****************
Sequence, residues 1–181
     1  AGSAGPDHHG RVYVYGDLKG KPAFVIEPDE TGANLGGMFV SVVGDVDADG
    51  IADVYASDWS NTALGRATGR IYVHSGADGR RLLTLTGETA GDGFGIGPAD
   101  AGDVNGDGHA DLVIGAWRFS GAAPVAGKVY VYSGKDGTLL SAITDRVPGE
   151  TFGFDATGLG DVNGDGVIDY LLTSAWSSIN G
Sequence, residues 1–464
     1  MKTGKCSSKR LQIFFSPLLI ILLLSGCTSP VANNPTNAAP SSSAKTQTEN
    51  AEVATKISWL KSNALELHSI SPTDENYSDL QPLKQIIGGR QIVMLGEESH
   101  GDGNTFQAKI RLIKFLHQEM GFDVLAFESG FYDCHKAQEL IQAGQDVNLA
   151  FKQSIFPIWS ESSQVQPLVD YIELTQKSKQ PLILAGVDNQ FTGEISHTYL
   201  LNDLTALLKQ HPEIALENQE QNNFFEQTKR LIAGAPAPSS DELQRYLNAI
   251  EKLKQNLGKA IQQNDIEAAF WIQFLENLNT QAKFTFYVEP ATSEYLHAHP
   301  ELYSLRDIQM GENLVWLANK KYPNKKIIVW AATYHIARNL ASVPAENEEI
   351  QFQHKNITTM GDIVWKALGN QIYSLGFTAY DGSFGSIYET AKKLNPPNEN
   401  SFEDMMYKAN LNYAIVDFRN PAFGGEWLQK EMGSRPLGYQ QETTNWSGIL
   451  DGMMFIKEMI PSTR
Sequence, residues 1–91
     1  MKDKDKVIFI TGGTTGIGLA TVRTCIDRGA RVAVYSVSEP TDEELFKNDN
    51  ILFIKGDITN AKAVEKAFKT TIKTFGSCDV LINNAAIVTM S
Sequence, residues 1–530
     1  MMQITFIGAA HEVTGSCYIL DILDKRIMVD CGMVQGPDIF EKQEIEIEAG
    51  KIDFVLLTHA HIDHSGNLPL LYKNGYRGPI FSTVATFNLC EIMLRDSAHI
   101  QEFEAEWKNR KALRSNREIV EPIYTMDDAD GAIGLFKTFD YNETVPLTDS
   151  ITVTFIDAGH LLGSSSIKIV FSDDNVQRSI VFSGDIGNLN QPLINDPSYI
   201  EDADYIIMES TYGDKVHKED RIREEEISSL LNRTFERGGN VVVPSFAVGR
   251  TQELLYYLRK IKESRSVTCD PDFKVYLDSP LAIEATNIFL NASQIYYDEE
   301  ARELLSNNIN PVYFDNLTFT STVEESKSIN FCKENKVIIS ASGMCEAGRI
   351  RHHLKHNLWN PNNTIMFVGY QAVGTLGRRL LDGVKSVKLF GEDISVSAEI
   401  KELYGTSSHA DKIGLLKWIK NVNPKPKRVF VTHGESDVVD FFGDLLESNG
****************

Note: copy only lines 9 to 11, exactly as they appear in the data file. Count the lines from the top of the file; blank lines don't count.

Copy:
   101  GDGNTFQAKI RLIKFLHQEM GFDVLAFESG FYDCHKAQEL IQAGQDVNLA
   151  FKQSIFPIWS ESSQVQPLVD YIELTQKSKQ PLILAGVDNQ FTGEISHTYL
   201  LNDLTALLKQ HPEIALENQE QNNFFEQTKR LIAGAPAPSS DELQRYLNAI